Most Medicare beneficiaries do not pay a premium for Medicare Part A. In brief, Medicare Part A covers inpatient care in facilities such as (but not limited to) hospitals and skilled nursing facilities. Medicare Part A also covers hospice care and limited home health care.
Medicare Part B is medical insurance that covers doctor visits, medically necessary services and supplies, preventive services, and certain other items and services. Beneficiaries typically have to pay a premium to receive Part B coverage.
The federal government manages Original Medicare, which operates as a fee-for-service plan. Most beneficiaries pay a deductible as well as a copayment or coinsurance for these services.
Medicare Advantage (Medicare Part C) is another way you can get your Original Medicare, Part A and Part B, coverage. The exception is hospice care, which is still covered under Part A rather than through Medicare Part C. Most Medicare Advantage plans include prescription drug coverage. Types of Medicare Advantage plans include (but aren’t limited to) Health Maintenance Organizations (HMOs), Preferred Provider Organizations (PPOs), Private Fee-for-Service (PFFS) plans, Special Needs Plans (SNPs), and Medical Savings Account (MSA) plans. Medicare Advantage plans may have lower costs than Original Medicare and may provide additional benefits; details vary among insurance companies and individual plans.
Medicare Part D
The Medicare Part D program provides prescription drug coverage. You can sign up for a stand-alone Medicare Part D Prescription Drug Plan to work alongside your Original Medicare coverage, or you can get all your Medicare coverage through a Medicare Advantage Prescription Drug plan.
If you enroll in a stand-alone Medicare Prescription Drug Plan (or a Medicare Advantage Prescription Drug plan), make sure you choose a plan that covers your medications. Every Medicare Prescription Drug Plan has a formulary that lists the drugs it covers, and many plans make their formularies available online. A plan’s formulary may change at any time. You will receive notice from your plan when necessary.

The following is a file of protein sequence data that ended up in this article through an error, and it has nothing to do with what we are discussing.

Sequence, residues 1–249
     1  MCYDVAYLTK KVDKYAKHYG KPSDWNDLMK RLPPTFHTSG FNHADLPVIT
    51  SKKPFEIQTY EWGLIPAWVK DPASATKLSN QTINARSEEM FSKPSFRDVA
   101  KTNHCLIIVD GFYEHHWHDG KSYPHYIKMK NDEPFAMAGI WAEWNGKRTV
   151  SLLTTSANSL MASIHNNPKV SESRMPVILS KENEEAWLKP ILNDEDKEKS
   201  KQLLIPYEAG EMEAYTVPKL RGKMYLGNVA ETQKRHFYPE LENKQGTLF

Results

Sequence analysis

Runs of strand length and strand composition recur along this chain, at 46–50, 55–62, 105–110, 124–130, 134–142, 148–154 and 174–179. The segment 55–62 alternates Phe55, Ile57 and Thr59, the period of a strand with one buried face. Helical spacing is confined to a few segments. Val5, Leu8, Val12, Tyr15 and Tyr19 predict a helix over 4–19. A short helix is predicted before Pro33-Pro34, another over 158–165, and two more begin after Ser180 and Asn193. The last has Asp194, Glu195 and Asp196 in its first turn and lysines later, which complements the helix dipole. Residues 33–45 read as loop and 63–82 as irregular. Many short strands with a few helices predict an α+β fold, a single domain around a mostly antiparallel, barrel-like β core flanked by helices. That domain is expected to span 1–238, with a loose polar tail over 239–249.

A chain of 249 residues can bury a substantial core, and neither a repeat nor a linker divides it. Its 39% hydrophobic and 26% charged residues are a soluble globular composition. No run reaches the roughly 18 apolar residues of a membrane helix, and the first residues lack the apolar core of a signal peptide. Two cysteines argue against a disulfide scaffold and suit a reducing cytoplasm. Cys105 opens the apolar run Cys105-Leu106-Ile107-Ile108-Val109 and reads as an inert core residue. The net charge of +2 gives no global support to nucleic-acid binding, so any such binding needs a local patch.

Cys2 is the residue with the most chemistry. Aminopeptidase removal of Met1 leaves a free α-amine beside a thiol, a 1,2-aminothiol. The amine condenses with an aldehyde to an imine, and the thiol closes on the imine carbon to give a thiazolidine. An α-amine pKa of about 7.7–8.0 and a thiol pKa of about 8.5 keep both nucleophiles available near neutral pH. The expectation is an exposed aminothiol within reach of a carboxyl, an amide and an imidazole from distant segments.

Most beneficiaries have to pay a premium for Medicare Part D, along with other costs such as copayments and coinsurance; these costs vary among plans. Although this insurance is optional, if you don’t enroll when you’re first eligible for Medicare, you could face a late enrollment penalty if you decide you want this coverage later on.
Additional health insurance options
Original Medicare doesn’t cover everything. If you decide to stay with Original Medicare (instead of switching to Medicare Part C), you can purchase a Medicare Supplement (also called Medigap) plan to help cover Original Medicare’s out-of-pocket costs, such as coinsurance, copayments, and deductibles. Original Medicare doesn’t include prescription drug coverage, so you also might want to add a stand-alone Medicare Prescription Drug Plan.
Medicaid is another possible option to help cover health-care costs for those eligible for the program.
Timing is important
Knowing when to enroll in the various types of Medicare coverage might save you late-enrollment penalties and may help you get the coverage you want in a timely manner. Take a look at Medicare Enrollment and Election Periods to find out when to sign up.
Making an informed decision
If you’re new to Medicare, you may want to determine which type of Medicare insurance plan will fit your health-care and financial needs. If you’re still employed or have coverage such as veteran’s benefits, check with your plan administrator to see how this insurance works with Medicare. It’s also important to decide if you need prescription drug coverage. Once your Medicare benefits kick in, don’t forget to schedule your complimentary “Welcome to Medicare” physical exam with a doctor, and be sure to ask about any preventive services he or she might recommend.
As you can see, there are various Medicare insurance options available. To get help finding a plan or comparing plans in your area, you can enter your zip code where indicated on this page – or feel free to contact one of eHealth’s licensed insurance agents at the phone number shown below.